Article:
Elsewhere yesterday, there was live blogging going on.

Stacy-Marie Ishmael, a reporter at the Financial Times and who writes at FT Alphaville, one of the best investor-focused blogs out there – I saw the nerve centre on my visit to FT headquarters in June – hosted a live blogging session with CoverItLive.

Check out the recording for a blow-by-blow commentary of the webcast as it unfolded, including input from investor relations expert Dominic Jones (who thinks yesterday’s event was largely a publicity stunt, and a successful one) and accountancy expert Francine McKenna.

In a final thought about what I saw in the webcast, I was pretty impressed that SEC Chairman Cox demo’d IDEA himself, actually sitting down and driving the presentation from a PC (a Dell, I noted).

I suppose he could just as easily have had one of the other SEC executives directly involved with IDEA do the demo. But his doing it is a clear signal that he not only supports the project but also is highly conversant with it and able to confidently take you through IDEA, as you can see in the webcast recording.

Neville Hobson

Social Strategist, Communicator, Writer, and Podcaster with a curiosity for tech and how people use it. Believer in an Internet for everyone. Early adopter (and leaver) and experimenter with social media. Occasional test pilot of shiny new objects. Avid tea drinker.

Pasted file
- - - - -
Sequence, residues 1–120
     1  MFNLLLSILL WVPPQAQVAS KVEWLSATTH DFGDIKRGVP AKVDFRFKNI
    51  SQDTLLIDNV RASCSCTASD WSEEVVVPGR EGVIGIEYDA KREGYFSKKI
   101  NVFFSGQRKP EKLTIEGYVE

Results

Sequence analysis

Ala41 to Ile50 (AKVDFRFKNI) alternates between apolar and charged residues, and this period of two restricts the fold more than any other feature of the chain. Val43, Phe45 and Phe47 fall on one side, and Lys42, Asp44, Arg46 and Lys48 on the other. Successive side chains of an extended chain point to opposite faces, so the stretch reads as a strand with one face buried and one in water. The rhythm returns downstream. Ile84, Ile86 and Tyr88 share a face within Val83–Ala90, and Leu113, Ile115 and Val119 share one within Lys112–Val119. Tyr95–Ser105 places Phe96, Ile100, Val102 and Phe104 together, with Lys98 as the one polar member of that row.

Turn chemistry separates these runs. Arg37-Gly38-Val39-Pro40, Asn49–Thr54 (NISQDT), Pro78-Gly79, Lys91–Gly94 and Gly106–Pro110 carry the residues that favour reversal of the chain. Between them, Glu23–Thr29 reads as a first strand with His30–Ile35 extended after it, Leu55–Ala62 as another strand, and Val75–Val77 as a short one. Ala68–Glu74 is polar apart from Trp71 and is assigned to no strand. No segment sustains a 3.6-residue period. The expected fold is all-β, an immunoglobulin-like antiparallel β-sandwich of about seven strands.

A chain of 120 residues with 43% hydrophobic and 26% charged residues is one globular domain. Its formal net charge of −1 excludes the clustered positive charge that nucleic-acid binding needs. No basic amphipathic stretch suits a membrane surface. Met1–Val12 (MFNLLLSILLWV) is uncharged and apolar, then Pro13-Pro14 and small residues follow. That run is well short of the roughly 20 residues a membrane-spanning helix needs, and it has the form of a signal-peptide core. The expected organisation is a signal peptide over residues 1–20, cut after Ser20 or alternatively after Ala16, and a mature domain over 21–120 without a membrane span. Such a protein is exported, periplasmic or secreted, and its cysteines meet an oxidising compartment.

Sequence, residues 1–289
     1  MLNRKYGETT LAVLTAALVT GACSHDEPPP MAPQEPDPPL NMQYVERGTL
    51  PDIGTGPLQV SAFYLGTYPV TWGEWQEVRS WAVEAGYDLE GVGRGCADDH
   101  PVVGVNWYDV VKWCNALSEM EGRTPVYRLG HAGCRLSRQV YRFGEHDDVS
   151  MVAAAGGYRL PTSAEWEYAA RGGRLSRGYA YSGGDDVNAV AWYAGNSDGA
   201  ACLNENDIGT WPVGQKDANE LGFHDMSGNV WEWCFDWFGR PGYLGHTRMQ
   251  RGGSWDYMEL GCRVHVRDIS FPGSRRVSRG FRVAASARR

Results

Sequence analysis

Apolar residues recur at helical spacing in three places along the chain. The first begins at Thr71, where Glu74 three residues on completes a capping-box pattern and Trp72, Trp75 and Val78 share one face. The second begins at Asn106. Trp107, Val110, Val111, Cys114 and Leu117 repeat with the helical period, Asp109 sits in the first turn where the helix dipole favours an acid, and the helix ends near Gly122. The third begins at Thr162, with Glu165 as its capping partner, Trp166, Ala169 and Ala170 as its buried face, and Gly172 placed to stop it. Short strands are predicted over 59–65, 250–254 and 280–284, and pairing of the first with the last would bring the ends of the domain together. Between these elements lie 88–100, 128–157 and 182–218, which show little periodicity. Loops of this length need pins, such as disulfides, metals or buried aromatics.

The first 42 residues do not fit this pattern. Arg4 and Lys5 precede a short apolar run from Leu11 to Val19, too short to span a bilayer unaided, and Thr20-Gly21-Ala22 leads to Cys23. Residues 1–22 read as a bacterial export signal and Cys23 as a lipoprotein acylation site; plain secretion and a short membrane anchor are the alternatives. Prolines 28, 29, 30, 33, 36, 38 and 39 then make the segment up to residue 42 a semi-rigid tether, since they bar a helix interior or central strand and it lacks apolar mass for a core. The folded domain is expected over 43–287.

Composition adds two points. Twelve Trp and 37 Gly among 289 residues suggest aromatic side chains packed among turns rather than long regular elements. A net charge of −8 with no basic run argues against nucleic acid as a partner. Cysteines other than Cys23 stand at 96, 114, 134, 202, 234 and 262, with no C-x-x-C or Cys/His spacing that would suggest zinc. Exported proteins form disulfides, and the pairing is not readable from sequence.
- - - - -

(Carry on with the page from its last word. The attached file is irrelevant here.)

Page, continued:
1. Jen Zingsheim

    Neville, I thought it was an interesting webcast/experiment. I believe I saw you tweet that you had to stop listening before the webcast was over, as Media Bullseye asked exactly that question about their future use of social media. We’ll be posting our thoughts on this later today, but the Chairman’s short answer was that yes, they plan on continuing to use (and expand) social media. He then turned it over to their head of the retail investors division–her name is Christy, I can’t remember her last name–who said that they are continuing to investigate any legal issues surrounding a government agency participating in Social networks. But they are obviously listening/investigating, as she mentioned “a social network” with “more than 1,000 groups with ‘investor'” in their title.

    All in all, a very interesting (and successful) experiment, in my opinion. Not to mention the democratization of the information, making so much free and easily accessible is fascinating, and will have far-reaching implications.


  2. neville

    Jen, thanks for this info. Yes, I had to leave before the end, right at the point where the Q&A started, so I appreciate your describing what happened.

    Interesting to read the comment on expanding use of social media. Hope to hear more about that.

  3. Jeffrey Smith

    Since this event have any other organizations, governmental or not, followed this example? It looks like these events may be the first steps of many towards sharing information more opening with the public. Like everyone else I am looking forward to how this will being to change the way information is shared with the public.